By now, it's hardly a secret that there are some pundits out there who take pleasure in jumping up and down on the Clintons every time either Bill or Hillary is going through tough times. And from the moment tonight's coverage began in earnest, it was clear that this night would be no different from any other. But the pundits may not have as much evidence for their claims about the supposedly detrimental effect Bill Clinton played in his wife's loss in South Carolina as they suggest.
MSNBC has, predictably, been focusing on the former president, hammering him especially for comments he made today comparing Barack Obama to Jesse Jackson, who was twice the victor in South Carolina caucuses in the 1980s. Their focus was so intense, in fact, that at one point anchor Keith Olbermann joked, in segueing from one segment discussing Clinton to another, "Not to make it look like we're piling on, but it is such a relevant issue."
On CNN, the story was no different. Carl Bernstein, who's written unflattering portraits of the Clintons before, said tonight, "Bill Clinton is a huge loser in this, because it looks, I think, to many people in the party that he has squandered his post-presidency the same way he squandered part of his presidency." Similarly, a post on CNN's Political Ticker blog leads, "Bill Clinton's aggressive campaigning in South Carolina in the days leading up to the state's primary may have had a net negative effect among South Carolina's Democratic primary voters."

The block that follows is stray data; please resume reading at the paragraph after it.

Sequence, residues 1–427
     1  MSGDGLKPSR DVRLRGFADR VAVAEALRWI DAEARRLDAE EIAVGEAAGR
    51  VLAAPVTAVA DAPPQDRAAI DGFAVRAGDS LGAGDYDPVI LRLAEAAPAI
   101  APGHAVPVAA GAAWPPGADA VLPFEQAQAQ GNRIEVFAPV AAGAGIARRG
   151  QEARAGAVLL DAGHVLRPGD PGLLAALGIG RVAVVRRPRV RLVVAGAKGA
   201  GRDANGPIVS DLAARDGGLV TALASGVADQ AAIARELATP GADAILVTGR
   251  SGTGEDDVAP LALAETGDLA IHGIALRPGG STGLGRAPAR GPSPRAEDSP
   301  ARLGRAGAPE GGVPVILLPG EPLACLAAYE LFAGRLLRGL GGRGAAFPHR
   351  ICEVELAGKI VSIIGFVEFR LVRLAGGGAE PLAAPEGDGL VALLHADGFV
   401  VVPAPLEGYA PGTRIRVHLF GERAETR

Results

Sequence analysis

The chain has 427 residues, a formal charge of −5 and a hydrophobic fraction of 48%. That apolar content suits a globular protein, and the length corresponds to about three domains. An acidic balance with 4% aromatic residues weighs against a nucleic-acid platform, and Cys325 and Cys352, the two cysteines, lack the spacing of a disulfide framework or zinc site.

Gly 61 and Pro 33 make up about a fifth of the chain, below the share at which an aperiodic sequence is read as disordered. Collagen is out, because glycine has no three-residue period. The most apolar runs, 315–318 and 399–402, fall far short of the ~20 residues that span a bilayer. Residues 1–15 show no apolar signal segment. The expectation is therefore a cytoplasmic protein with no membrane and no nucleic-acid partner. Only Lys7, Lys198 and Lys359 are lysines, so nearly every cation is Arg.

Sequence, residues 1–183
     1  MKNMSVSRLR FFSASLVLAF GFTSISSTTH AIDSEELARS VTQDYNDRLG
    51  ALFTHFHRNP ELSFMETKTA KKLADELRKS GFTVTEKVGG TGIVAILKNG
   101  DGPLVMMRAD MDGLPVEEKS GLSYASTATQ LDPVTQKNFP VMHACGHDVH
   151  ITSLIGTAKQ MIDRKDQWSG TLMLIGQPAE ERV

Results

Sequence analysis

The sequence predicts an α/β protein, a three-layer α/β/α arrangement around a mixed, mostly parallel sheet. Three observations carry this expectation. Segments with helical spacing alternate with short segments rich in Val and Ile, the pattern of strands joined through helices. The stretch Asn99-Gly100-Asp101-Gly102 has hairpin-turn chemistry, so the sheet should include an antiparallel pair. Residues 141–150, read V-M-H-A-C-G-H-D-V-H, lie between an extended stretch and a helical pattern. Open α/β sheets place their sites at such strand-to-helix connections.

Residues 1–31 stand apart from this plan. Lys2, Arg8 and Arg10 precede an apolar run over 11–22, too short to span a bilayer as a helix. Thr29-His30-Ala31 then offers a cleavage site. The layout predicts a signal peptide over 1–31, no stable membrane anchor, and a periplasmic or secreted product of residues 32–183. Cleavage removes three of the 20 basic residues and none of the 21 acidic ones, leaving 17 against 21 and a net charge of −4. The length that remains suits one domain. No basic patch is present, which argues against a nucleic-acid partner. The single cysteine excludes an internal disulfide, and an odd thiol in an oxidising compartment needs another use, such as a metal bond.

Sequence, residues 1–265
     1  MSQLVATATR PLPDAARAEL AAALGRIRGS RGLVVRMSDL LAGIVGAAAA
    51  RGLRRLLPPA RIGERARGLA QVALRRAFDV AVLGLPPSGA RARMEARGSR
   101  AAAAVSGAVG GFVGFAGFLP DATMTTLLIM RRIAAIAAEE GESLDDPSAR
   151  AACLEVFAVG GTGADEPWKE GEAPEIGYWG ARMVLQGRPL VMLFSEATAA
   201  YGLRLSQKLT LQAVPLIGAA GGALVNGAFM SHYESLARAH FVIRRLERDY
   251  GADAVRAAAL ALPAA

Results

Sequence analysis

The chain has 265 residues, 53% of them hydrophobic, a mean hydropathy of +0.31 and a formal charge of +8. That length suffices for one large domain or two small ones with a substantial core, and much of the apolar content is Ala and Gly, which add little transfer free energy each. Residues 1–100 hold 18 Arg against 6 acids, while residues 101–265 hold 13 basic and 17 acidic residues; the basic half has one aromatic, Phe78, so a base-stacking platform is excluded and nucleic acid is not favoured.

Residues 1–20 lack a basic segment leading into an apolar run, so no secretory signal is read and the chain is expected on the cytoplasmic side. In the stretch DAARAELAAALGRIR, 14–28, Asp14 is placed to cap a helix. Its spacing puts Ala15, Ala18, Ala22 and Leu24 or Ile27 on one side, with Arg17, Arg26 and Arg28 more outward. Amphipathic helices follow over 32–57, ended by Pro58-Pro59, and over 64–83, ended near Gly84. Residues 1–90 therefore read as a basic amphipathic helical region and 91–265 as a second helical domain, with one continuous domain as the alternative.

And while the networks do have some evidence to fall back on -- that same CNN blog post notes "Roughly 6 in 10 South Carolina Democratic primary voters said Bill Clinton's campaigning was important in how they ultimately decided to vote, and of those voters, 48 percent went for Barack Obama while only 37 percent went for Hillary Clinton" -- a look at the exit poll data in context shows that Bill Clinton may not have been the weight around the neck of his wife's campaign that he's being made out to be.
What's not being noted is that Obama actually won bigger among the 40 percent of voters who said Bill Clinton's campaigning wasn't important to their decision; he took 62 percent of that vote, and John Edwards actually came in second among that group with 25 percent while Hillary Clinton had just 13 percent. And when the exit poll results are broken into more categories on that question -- "very important," "somewhat important," "not too important," "not important at all" -- Clinton has a narrow win in the "very important" category, while Obama takes the rest.